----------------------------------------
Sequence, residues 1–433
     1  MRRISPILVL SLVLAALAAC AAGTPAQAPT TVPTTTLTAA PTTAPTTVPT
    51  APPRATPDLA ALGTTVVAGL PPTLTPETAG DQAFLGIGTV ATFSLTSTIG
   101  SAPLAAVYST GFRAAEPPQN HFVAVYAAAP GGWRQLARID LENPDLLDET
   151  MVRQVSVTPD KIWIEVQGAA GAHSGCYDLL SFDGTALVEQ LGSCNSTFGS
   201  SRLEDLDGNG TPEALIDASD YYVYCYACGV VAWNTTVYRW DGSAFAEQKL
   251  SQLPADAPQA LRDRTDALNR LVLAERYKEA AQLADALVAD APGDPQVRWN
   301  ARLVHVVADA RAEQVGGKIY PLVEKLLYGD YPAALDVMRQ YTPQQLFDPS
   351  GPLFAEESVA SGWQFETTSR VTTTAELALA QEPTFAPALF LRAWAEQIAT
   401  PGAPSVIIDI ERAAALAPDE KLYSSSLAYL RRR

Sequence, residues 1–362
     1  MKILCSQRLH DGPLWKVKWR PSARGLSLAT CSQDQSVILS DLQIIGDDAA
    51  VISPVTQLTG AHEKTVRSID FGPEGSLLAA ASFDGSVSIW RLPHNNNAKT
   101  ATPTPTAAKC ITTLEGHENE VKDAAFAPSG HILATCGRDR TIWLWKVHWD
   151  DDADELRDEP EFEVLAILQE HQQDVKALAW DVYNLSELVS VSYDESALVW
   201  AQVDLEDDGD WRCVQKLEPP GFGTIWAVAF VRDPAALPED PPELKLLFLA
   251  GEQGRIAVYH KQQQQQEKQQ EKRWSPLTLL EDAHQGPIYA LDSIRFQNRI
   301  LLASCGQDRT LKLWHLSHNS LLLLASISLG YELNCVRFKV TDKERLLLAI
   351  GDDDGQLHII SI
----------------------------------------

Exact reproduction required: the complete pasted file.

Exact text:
Sequence, residues 1–433
     1  MRRISPILVL SLVLAALAAC AAGTPAQAPT TVPTTTLTAA PTTAPTTVPT
    51  APPRATPDLA ALGTTVVAGL PPTLTPETAG DQAFLGIGTV ATFSLTSTIG
   101  SAPLAAVYST GFRAAEPPQN HFVAVYAAAP GGWRQLARID LENPDLLDET
   151  MVRQVSVTPD KIWIEVQGAA GAHSGCYDLL SFDGTALVEQ LGSCNSTFGS
   201  SRLEDLDGNG TPEALIDASD YYVYCYACGV VAWNTTVYRW DGSAFAEQKL
   251  SQLPADAPQA LRDRTDALNR LVLAERYKEA AQLADALVAD APGDPQVRWN
   301  ARLVHVVADA RAEQVGGKIY PLVEKLLYGD YPAALDVMRQ YTPQQLFDPS
   351  GPLFAEESVA SGWQFETTSR VTTTAELALA QEPTFAPALF LRAWAEQIAT
   401  PGAPSVIIDI ERAAALAPDE KLYSSSLAYL RRR

Sequence, residues 1–362
     1  MKILCSQRLH DGPLWKVKWR PSARGLSLAT CSQDQSVILS DLQIIGDDAA
    51  VISPVTQLTG AHEKTVRSID FGPEGSLLAA ASFDGSVSIW RLPHNNNAKT
   101  ATPTPTAAKC ITTLEGHENE VKDAAFAPSG HILATCGRDR TIWLWKVHWD
   151  DDADELRDEP EFEVLAILQE HQQDVKALAW DVYNLSELVS VSYDESALVW
   201  AQVDLEDDGD WRCVQKLEPP GFGTIWAVAF VRDPAALPED PPELKLLFLA
   251  GEQGRIAVYH KQQQQQEKQQ EKRWSPLTLL EDAHQGPIYA LDSIRFQNRI
   301  LLASCGQDRT LKLWHLSHNS LLLLASISLG YELNCVRFKV TDKERLLLAI
   351  GDDDGQLHII SI